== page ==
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Michael Connelly's Jack McEvoy is back, ready to save the newspaper industry from taking the fall.

Book Cover Crime story writer Michael Connelly’s latest offering brings back cop beat reporter Jack McEvoy from what I consider the finest of his 20 novels, The Poet, a standalone story that leaves aside Connelly’s long-running L.A. homicide detective Harry Bosch series—though the lethal serial killer the Poet does make another, final appearance in The Narrows, where he is terminally dispatched by Bosch.

The Scarecrow (Little, Brown) has McEvoy being dumped by his newspaper (naturally, he has a large salary) and be replaced by a novice, recent j-school grad. McEvoy decides he wants to go out in blaze of glory, and starts rooting around in what appears to be an open-and-shut murder case. This puts him and his replacement in the cyber-sights of the real killer, who happens to have deep expertise in computer security and the subtleties of hacking and who we come to find is responsible for at least two heinous sexual assault murders.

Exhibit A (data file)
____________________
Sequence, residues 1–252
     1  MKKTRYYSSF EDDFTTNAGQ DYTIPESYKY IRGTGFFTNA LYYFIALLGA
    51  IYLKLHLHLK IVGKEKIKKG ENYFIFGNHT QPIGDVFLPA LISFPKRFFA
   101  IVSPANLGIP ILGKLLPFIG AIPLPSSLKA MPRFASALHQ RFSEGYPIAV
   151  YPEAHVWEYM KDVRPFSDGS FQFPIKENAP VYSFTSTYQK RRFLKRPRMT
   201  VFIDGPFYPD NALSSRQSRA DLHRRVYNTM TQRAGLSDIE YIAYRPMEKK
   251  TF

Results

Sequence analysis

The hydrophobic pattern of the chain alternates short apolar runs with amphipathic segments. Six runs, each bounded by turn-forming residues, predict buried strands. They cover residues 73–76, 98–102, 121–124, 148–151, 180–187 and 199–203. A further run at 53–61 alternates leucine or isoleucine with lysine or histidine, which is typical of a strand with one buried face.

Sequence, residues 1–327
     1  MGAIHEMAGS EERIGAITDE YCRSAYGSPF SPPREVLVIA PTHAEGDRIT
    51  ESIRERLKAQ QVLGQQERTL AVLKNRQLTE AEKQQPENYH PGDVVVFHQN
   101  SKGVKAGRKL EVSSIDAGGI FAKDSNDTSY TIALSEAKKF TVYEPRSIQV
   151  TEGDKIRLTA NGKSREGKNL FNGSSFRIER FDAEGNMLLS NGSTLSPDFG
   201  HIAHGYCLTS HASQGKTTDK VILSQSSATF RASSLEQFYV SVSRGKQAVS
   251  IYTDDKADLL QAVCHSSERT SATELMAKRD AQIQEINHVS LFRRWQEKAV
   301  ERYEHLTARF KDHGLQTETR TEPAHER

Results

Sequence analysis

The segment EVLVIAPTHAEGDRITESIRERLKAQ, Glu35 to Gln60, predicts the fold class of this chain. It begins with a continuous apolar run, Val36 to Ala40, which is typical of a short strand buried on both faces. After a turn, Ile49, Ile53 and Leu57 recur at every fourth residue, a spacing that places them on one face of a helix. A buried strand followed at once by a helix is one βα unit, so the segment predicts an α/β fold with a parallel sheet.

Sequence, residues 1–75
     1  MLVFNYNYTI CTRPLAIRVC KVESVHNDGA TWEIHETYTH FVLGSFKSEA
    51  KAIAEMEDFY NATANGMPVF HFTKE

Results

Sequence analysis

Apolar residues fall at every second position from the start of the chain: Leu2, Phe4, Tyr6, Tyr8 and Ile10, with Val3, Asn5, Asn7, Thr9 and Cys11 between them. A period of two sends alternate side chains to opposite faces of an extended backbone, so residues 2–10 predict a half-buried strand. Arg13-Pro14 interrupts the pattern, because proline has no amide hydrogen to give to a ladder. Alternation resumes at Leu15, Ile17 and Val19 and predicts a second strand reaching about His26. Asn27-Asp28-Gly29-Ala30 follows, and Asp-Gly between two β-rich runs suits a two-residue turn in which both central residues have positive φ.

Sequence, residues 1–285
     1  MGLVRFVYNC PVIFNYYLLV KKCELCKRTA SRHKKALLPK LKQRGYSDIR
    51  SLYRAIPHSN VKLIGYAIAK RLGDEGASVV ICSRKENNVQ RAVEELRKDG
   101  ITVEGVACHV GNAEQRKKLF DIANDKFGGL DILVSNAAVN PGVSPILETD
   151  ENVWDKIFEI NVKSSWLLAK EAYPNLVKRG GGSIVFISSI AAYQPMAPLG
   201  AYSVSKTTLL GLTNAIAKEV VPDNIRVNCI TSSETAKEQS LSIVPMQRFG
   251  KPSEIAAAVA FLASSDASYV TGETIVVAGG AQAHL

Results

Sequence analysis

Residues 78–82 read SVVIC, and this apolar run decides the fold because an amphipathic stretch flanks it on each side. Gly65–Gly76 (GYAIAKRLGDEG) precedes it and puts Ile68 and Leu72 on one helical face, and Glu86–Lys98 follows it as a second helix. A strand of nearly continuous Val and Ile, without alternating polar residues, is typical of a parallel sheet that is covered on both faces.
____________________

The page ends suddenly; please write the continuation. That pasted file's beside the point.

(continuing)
Given the Scarecrow’s computer skills, we are provided with a fair measure of background in hacking tactics and tricks and more than sufficient dramatic tension. But as much as any element of this book, Connelly, a former newspaper reporter, offers a requiem for the passing of the metropolitan daily print newspaper.
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